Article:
How to tire out a puppy is one of the first questions you may ask yourself after bringing home a new furry family member. Despite their small size, puppies can be exhausting. During their waking hours, they are constantly on the go and getting into mischief as they explore the world. Like children though, they will have to intersperse this with naps to recharge their batteries, before starting all over again.
While young puppies sleep often, as they get older they will crash for a nap less and less. A six-month-old puppy won’t need many daytime naps, and will quickly cause trouble if left to his own devices. So, how can you get rid of some of that energy so that you can have some peace and quiet? Let’s take a look.
- Best puppy food – Give your pup the best start in life
- Best puppy toys – Our perfect picks to keep puppies busy
How to get a puppy to sleep
Getting a puppy to sleep is fairly easy, but learning how to get a puppy to sleep through the night is a little harder and can be something many owners struggle with during those first few weeks of owning their new puppy.
Firstly, you’ll need to make sure your puppy is tired. Try not to let them nap in the evening so that they are ready to sleep when it comes to bedtime. You’ll also want to try out tips for tiring out your puppy using play, food puzzles, training, and other forms of mental stimulation. If they have had a busy day stimulating their developing brain, they will sleep more deeply at night.
Secondly, it’s important to set a good bedtime routine so that your puppy knows what’s expected of him. Let him out for ‘last wees’ just before bed, so he has a chance to empty his bladder. Make sure your pup has somewhere cozy and inviting to snuggle up in. A crate can come in handy with building these sleep associations. Consider using a command word like ‘bed’ or ‘night nights’; to indicate that it’s bedtime now.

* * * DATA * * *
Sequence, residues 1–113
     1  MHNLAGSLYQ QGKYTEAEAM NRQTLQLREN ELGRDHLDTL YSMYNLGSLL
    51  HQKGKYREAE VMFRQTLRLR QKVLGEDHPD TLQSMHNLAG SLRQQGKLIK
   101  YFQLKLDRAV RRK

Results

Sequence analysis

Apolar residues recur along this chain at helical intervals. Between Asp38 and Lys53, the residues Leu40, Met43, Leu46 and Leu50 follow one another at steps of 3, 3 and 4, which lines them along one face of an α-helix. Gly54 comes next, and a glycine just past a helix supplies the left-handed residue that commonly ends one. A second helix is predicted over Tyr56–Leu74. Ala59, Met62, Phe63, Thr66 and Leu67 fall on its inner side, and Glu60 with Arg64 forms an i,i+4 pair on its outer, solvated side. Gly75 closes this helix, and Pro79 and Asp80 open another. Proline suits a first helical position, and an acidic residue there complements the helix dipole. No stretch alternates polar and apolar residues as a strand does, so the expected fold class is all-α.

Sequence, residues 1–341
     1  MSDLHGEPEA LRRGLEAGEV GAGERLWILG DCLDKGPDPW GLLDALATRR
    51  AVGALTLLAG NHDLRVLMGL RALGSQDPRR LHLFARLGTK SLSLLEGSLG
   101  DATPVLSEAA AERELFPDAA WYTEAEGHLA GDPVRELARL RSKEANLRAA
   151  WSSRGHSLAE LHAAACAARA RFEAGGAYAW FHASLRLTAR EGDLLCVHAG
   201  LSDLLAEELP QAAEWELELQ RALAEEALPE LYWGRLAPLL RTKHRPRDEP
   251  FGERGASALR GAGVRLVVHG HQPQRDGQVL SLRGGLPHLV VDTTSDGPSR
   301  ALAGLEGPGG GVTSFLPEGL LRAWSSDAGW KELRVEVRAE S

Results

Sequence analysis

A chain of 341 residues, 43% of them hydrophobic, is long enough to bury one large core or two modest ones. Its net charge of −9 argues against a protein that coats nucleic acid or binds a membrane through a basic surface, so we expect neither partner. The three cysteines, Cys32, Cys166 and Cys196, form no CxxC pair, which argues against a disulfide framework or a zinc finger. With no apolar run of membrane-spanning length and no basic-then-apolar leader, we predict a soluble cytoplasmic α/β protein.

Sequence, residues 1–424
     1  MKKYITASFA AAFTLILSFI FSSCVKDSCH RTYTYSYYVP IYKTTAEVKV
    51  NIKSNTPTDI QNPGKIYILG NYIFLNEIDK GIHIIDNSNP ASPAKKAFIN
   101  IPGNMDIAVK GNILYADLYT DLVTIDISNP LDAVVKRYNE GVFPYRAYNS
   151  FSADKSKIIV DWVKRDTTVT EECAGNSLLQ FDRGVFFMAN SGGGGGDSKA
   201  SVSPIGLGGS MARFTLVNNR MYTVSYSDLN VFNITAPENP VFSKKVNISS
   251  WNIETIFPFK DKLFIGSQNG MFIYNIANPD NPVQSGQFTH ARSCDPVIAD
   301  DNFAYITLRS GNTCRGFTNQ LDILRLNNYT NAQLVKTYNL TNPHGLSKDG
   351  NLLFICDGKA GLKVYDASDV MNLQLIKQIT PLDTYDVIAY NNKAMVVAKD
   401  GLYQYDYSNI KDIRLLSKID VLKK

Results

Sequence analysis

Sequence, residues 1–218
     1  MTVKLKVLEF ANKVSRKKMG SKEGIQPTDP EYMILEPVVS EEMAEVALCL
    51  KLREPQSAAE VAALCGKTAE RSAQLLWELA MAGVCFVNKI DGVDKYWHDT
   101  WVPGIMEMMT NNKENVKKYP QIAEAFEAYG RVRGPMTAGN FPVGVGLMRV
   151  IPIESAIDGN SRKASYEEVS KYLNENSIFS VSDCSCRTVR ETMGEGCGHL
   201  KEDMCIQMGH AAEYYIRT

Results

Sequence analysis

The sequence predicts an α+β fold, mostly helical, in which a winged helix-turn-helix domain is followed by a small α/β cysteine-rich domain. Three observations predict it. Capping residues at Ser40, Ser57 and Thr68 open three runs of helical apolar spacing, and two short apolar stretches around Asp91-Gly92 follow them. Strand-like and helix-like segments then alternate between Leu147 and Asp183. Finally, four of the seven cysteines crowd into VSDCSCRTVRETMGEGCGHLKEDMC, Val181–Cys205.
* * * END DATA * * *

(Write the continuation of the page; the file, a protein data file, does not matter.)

Whilst your puppy is young, they can’t hold their bladder all night and you’ll have to let them out. It’s best to do this by setting yourself an alarm during the night rather than wait for your puppy to cry, as this teaches him how to get attention. Don’t be tempted to play with him or fuss him too much – take him out, let him relieve himself, then take him straight back to bed until the next time, or in the morning.
Also, know that it is completely normal for puppies to sleep less at night than older dogs. A study by the Dogs Trust confirms this, but the good news is that most dogs will settle into their owner’s sleep patterns as they get older. Hopefully, some of our tips will help to speed up this process.
- How to stop your puppy from crying in their crate
- How to play with a puppy – Are you getting playtime wrong?
Ways to tire out a puppy indoors
When the weather is bad, thinking of ways to tire out your puppy inside can be tricky. Combined with the shorter days, it can be hard to tire out a puppy during the winter months in particular.
However, when thinking of activities to do with your puppy, remember that mental stimulation is just as important as physical. Like children, young puppies don’t seem to tire out from running around – but learning and using their brains is much harder. Here are three of our top ideas for indoor activities with a puppy.
- Find the treats
I’ve recently taken to doing this once a day with my adult dog to tire her out and help her (and us!) sleep through the night. Hide treats and then get your dog to find them. This allows them to use their nose and brains to solve the puzzle.
Most puppies love a game of tug, and it’s a great bonding experience for both of you. It doesn’t require much space and physically isn’t too strenuous on young joints, especially if you play on a carpet or rug to provide good traction.